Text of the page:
Mergers & Acquisitions

Guide to Buying a Business

Prepare for the Closing

The first step in preparing for the closing is completing Morgan & Westfield’s Preliminary Closing Questionnaire. The goal of this document is to ensure a smooth and uneventful closing. Closing the sale of a business can be stressful. Things may not go according to plan when last-minute issues arise (and they almost always do).

Most problems stem from a lack of clarity regarding key transaction terms between parties, such as: Is inventory included in the price? Was the seller’s spouse supposed to sign the non-compete? Is the buyer’s spouse supposed to personally guarantee the note? In this section, we explain how to help avoid last-minute snafus.

Closing Questionnaire

The Preliminary Closing Questionnaire is intentionally redundant. Many questions will not apply or we may already have the answers. Morgan & Westfield compiles all questions into one concise document at the beginning to ensure all terms are mutually agreed upon at the outset and prevent last-minute hiccups or negotiations before the closing.

The Preliminary Closing Questionnaire should be completed as soon as possible. We cannot prepare the closing documents until we receive this questionnaire. You should review this document several times, as consistency and clarity are critical.

Closing Checklist

Once an offer is accepted and due diligence begins, we prepare a “Closing Checklist” and send it to the parties so they can begin preparing for the closing. The Closing Checklist contains detailed instructions for dozens of events that must be successfully orchestrated to ensure a smooth closing.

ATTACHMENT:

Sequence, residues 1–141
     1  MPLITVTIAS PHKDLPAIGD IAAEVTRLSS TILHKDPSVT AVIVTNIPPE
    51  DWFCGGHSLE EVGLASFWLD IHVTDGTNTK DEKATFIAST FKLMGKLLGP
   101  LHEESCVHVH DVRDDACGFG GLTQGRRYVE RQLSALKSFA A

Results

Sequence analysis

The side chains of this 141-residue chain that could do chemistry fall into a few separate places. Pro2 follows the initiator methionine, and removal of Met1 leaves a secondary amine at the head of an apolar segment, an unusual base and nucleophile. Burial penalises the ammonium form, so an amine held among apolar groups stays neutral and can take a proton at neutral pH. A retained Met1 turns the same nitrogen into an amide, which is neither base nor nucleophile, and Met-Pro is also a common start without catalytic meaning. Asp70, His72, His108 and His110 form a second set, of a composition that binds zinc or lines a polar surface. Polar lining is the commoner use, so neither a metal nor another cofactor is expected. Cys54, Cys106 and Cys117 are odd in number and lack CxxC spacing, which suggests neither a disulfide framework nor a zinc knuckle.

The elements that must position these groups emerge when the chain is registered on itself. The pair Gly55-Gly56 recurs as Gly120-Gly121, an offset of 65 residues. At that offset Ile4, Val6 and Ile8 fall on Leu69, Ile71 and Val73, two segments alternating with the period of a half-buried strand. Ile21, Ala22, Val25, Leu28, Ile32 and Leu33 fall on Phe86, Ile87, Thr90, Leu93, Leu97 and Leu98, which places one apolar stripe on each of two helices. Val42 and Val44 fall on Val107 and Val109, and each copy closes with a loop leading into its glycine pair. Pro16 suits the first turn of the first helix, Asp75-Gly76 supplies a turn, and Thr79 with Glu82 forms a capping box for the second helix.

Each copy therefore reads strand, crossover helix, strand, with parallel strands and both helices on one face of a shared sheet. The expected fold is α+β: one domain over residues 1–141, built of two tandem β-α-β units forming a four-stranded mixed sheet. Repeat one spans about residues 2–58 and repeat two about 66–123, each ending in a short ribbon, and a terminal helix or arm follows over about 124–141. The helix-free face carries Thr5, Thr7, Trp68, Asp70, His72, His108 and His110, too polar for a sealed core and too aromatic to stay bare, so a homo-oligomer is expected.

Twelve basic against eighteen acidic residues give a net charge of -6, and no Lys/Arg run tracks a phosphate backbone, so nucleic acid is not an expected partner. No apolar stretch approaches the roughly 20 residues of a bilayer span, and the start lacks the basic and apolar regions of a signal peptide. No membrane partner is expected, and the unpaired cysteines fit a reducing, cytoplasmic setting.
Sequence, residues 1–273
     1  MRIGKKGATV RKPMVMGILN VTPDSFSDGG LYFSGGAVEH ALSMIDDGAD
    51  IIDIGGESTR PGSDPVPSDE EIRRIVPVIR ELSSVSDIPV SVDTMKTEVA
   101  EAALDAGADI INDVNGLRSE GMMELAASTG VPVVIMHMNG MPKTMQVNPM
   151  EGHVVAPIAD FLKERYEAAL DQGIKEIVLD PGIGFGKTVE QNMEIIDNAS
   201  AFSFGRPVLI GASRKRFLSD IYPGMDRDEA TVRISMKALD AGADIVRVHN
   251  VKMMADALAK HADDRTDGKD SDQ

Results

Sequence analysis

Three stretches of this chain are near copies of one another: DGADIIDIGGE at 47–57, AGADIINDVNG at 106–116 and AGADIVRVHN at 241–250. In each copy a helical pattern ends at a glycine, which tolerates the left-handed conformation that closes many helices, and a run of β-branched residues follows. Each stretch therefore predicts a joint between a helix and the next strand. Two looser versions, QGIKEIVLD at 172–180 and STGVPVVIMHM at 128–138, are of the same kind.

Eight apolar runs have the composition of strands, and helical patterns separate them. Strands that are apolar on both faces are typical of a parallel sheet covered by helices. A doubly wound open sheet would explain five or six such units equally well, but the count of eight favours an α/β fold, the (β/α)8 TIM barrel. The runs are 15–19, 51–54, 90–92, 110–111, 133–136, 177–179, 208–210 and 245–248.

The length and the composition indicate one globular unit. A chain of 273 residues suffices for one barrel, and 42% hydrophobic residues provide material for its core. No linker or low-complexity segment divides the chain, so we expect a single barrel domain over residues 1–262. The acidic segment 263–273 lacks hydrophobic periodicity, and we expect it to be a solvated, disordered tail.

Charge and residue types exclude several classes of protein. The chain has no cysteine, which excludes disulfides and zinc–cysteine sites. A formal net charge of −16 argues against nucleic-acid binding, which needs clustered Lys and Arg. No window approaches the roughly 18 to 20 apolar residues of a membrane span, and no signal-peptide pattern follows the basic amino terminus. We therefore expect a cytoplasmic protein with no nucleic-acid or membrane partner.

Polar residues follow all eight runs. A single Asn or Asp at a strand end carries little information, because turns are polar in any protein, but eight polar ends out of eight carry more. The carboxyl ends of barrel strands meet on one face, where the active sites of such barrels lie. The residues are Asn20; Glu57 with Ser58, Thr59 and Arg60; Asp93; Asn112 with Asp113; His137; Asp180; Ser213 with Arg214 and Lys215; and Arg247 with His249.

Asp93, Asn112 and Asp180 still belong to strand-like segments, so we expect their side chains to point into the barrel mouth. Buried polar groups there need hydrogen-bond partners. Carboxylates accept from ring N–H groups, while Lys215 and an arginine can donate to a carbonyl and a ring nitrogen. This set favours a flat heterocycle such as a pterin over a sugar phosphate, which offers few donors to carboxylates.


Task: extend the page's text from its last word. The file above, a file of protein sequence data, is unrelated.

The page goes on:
We suggest tackling these items simultaneously while you conduct due diligence. Some items require waiting periods, such as forming an entity, and must be done regardless of which business you purchase. Starting early in the process will help ensure you close on time.

Contact the Landlord

The lease is one of the most critical elements of the sales process and needs to be carefully orchestrated. Issues around the transfer of a lease make this a common deal killer, so the process must be handled with care.

Landlord’s Cooperation

The transfer of the lease is not guaranteed to be easy, and delaying the landlord’s involvement can create issues that delay the closing or prevent it altogether. We recommend that the seller involve the landlord in the process as early as possible. It is important to gain the landlord’s cooperation and let them feel comfortable about the transfer of the business. They can stall or withhold the lease transfer if they feel the buyer is not qualified.

Ask the seller to ask the landlord what the most important qualifications are for a new tenant (such as experience, credit score, financial strength, etc.) and address these in your presentation to the landlord. Prepare a resume and financial statement, fix any blemishes on your credit report in advance, if necessary, and otherwise position yourself in the best light possible for the landlord.

Is the landlord’s consent required to assign the lease?